If there is one theme at the end of chapter 3 and the start of chapter 4 (which is why it was probably a bad idea to break this section up with the chapter division), it’s holiness.
Time and again, we see words with the same Greek root meaning “holiness”, which unfortunately is not so clear in the English.
Holiness, of course, often has a duel meaning. One is “purity” and the other is “set apart,” which in the case of the Christian, means “set apart for God as his own special people.”
And in this passage, Paul prays that God would make the Thessalonians and all the “saints” blameless in “holiness” before our God.” (3:13)
Many times we thinks of saints as the super spiritual, but “saint” shares the same root word as “holiness” just a few words earlier in the verse. All Christians are saints, because we are all set apart for God as his own special people. And because of that we are to live lives that are blameless and pure.
Paul stresses that a few sentences later, saying,
For this is God’s will, your sanctification…(4:3)
Again, “sanctification” has that same root as the words “holiness” and “saints.” God’s will for us is that we live lives that are set apart for him, lives that are pure.
Paul specifically tells us to be pure sexually, which was as big a problem back then as it is now. And he emphasizes,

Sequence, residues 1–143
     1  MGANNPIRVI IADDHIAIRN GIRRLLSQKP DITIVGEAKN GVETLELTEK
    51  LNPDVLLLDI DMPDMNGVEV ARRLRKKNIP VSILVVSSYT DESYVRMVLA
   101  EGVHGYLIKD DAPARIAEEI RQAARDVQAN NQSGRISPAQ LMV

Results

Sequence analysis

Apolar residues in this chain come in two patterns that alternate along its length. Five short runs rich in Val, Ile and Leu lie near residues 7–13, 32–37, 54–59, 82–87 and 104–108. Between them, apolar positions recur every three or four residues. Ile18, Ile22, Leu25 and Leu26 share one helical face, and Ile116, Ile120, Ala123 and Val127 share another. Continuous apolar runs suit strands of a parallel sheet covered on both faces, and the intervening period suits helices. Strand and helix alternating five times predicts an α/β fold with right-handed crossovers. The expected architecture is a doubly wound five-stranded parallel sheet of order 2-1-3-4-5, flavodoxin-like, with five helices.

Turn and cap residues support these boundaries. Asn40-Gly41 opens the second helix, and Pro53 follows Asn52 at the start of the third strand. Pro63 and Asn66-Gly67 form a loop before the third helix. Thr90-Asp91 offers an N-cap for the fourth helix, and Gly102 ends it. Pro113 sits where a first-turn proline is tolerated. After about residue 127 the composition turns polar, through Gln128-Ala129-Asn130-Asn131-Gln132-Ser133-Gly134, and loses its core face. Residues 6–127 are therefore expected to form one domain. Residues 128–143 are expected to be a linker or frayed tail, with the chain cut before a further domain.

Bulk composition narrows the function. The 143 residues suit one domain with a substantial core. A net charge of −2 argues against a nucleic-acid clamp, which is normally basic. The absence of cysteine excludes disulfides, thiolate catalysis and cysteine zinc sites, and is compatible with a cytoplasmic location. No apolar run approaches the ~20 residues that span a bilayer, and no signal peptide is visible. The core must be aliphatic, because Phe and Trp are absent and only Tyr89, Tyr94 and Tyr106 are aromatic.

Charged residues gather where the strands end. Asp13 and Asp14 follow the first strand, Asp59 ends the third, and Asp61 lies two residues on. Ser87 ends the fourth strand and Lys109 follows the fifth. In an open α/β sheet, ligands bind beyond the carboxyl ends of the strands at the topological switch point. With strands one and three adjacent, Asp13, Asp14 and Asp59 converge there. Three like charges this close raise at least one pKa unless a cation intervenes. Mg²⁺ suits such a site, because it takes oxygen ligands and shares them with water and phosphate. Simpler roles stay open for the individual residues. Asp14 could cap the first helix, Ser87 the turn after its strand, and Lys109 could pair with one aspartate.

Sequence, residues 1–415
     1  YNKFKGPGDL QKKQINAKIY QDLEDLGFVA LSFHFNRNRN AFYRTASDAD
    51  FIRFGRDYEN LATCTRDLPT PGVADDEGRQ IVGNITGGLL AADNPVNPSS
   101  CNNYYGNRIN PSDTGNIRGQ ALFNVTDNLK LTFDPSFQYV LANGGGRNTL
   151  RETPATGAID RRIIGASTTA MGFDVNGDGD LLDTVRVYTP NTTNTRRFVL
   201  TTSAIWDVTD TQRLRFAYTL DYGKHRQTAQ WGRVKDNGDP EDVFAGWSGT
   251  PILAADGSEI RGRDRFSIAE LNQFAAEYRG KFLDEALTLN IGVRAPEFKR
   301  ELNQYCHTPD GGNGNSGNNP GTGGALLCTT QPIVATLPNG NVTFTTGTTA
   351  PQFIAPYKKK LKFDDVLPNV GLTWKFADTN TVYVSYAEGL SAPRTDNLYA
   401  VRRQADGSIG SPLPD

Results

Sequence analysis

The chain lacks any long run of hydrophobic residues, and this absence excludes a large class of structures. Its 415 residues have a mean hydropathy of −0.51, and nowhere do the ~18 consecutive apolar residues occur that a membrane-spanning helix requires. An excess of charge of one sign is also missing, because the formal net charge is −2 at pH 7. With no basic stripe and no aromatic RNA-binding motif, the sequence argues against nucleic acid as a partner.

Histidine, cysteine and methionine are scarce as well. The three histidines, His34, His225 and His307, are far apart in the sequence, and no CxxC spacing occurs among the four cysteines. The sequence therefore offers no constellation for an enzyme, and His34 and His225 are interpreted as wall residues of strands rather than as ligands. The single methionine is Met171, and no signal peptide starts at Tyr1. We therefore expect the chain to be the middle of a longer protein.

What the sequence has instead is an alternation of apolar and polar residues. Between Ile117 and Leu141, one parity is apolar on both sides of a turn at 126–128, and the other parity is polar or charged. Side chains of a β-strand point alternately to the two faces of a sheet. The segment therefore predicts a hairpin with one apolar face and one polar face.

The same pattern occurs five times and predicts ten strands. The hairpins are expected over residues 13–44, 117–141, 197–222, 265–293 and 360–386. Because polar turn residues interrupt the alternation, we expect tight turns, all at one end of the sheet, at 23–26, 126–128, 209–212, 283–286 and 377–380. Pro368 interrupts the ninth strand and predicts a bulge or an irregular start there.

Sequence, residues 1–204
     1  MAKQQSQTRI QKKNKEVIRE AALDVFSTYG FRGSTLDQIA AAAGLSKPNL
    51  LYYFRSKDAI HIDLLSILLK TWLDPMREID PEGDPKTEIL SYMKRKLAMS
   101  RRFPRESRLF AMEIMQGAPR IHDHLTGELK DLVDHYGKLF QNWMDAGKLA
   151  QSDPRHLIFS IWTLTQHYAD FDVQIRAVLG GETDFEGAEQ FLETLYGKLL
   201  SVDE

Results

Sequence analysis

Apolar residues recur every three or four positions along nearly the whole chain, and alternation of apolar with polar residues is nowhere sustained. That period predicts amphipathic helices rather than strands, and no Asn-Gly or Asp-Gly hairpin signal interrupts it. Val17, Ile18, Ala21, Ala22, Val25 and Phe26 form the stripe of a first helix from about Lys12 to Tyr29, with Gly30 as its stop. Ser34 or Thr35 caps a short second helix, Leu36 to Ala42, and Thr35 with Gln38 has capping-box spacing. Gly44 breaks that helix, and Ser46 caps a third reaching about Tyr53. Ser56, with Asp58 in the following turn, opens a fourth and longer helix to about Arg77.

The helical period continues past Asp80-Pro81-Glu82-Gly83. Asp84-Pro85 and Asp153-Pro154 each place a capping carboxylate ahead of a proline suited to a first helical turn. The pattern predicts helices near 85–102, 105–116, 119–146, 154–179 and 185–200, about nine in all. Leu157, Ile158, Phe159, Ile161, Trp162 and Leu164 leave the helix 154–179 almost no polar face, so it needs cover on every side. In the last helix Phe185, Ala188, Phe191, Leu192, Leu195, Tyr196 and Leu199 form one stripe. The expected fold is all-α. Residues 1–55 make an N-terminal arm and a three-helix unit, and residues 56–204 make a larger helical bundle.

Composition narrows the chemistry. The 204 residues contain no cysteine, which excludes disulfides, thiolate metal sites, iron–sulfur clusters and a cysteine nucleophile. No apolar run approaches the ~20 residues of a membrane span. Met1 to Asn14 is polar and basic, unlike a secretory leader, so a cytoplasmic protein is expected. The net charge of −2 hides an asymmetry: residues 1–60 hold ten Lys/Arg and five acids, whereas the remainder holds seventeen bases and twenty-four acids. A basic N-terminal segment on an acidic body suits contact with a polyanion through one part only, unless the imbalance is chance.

For God has not called us to impurity but to live in holiness. (4:7)
And then he says,
Consequently, anyone who rejects this does not reject man, but God, who gives you his Holy Spirit. (4:8)
Some people who claim to be Christians try to do just that: they reject God’s call on their lives to be holy. They would much rather live in their lusts. But in doing so, they’re actually rejecting God. Can you really call such a person a Christian if that’s how they live the entirety of their lives?
We are called to be holy, because he is holy. And his Holy (there’s that word again) Spirit is living in us. If the the Spirit, who himself is holy, is truly living in us, how can we then live unholy lives, never repenting, but always making excuses and justifying our actions?
So let us listen to the Spirit in our lives. Let us follow his leading each day. Let us live by his power each day. We will never be able to live holy lives in our own strength, by our own willpower. But the Spirit works us in us daily, and as we listen to him, we become more and more like the One who loved us and gave his life for us. And ultimately, isn’t that our hope.
So as we strive for holiness, let us not only remember Paul’s words, but John’s, who wrote,
See what kind of love the Father has given to us, that we should be called children of God; and so we are. The reason why the world does not know us is that it did not know him. Beloved, we are God’s children now, and what we will be has not yet appeared; but we know that when he appears we shall be like him, because we shall see him as he is. And everyone who thus hopes in him purifies himself as he is pure. (1 John 3:1-3)